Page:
Parents have become increasingly concerned with the effects that social media can have on their child. Following the results of a 2019 study published in the Telegraph, which discovered that 12 to 15-year-olds who heavily used social media were more likely to report issues such as depression, anxiety and anti-social behaviour, OnBuy were eager to find out parents' social media concerns in 2020. We conducted a study to discover just how concerned parents are with social media - specifically, music-based video app, TikTok.
What Are Parents' Biggest Concerns On Social Media In 2020?
Monitoring your child's social media usage can be difficult - even for the most tech-savvy parents - and with new technology evolving every day it has become especially challenging.
After surveying 1,862 parents of under-17's who frequently use social media, OnBuy discovered that TikTok worries parents the most, with 84% concerned about their child's habits on the platform. Other apps that worry parents include Instagram (81%), YouTube (55%) and Snapchat (54%).
A huge 89% of parents fear for their child's safety online and almost 2 in 5 admit that they find it difficult to monitor their child's screen time. Despite this, 67% of parents allow their child to take their mobile phone to bed, leaving them unsupervised and unmonitored, potentially exposing them to more dangers. Out of the concerned parents, almost 1 in 4 don't monitor their child's social media usage and a further 24% are unsure if their account is private.
Many parents worry about whether social media is safe for children, and a staggering 92% of them firmly believe that TikTok in particular must do more to make the app safer for children. In fact, only 3 in 10 parents believe that their child is safe while using the app.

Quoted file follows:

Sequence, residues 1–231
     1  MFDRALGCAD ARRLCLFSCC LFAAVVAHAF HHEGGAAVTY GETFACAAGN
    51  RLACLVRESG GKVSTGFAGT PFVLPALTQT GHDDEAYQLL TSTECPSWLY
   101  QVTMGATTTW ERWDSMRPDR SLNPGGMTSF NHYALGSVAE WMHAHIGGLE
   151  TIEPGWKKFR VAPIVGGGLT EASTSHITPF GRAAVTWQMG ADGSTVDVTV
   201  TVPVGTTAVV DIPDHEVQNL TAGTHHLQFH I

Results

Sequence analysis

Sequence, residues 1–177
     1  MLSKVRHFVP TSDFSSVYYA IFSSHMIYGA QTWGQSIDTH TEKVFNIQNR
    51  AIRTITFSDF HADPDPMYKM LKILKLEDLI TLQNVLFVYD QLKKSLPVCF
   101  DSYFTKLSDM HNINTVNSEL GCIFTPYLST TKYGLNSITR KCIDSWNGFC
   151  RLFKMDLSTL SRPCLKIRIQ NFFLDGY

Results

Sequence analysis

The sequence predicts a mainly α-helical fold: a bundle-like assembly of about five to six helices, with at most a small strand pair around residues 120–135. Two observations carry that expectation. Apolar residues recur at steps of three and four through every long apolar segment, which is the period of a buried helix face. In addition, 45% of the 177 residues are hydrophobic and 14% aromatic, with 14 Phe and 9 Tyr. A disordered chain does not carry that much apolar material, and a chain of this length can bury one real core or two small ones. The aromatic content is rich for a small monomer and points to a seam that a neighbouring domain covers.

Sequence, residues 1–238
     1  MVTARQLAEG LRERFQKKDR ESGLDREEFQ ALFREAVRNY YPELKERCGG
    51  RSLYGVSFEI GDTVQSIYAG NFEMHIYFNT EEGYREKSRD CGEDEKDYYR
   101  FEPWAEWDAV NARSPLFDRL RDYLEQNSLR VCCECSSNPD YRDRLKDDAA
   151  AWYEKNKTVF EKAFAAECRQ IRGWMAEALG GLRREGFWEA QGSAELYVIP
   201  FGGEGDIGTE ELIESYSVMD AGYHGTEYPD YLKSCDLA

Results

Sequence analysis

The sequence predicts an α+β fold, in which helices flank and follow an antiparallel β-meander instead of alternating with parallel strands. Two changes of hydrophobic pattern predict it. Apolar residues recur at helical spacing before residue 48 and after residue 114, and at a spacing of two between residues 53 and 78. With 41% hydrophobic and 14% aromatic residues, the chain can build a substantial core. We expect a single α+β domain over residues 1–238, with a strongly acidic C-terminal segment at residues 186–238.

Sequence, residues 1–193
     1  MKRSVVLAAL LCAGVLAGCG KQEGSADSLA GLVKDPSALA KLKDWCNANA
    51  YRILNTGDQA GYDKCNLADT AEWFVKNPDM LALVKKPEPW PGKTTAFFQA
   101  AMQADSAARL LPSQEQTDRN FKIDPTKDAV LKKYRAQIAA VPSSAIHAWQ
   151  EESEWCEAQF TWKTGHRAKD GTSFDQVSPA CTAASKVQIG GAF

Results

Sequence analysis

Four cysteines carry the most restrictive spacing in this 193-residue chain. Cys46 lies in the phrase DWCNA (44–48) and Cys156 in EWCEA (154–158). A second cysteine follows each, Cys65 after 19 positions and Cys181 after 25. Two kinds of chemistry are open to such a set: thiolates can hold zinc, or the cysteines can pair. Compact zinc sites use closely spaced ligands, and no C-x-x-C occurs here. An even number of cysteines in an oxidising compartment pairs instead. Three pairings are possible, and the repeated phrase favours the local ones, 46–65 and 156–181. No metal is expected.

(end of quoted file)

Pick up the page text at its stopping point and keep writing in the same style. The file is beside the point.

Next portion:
Following this, OnBuy asked parents to rank their biggest fears regarding their child posting online content.They discovered that most parents worry about predators confronting their child through social media, followed by sexual exploitation and cyberbullying.
The full results are as follows:
- Sexual exploitation/Explicit content
- Dangerous viral challenges
- Dangerous propaganda
- Virtual coin payment
- Animal abuse
Recently, viral challenges have become more and more dangerous, and peer pressure often encourages children to try out the newest trends. OnBuy found that the viral ‘skull breaker' challenge is the trend concerning parents more than any other, due to the many injuries that teens have already faced as a result of the challenge. Parents were also worried about the ‘outlet challenge' and the ‘fainting/choking challenge'.
Children Using Social Media - Case Study
Sam Barnard, the worried parent of an 8-year-old girl, wanted to share her experiences with TikTok, and social media in general, among her child's peers:
"So many of my child's friends have their own phones, and we have noticed a growing interest in TikTok. We have also seen the children in class ostracising children without phones or active social media accounts and making them feel left out.
From the moment students meet their parents at the school gates at 15:15, they're handed back their phone (with some of them even owning the newest Apple iPhones) and by 15:20 they're already updating their feeds and scrolling through social media.
We looked at some of my child's peers' TikTok accounts, and we were shocked to say the least. The video that really stood out to me was one classmate who posted a video of her walking home, entering her house and then proceeded to do a house tour, all while showing her face, door number and street. It really worries me as I am aware of the dangers social media possesses among children - especially among 8 and 9-year-olds."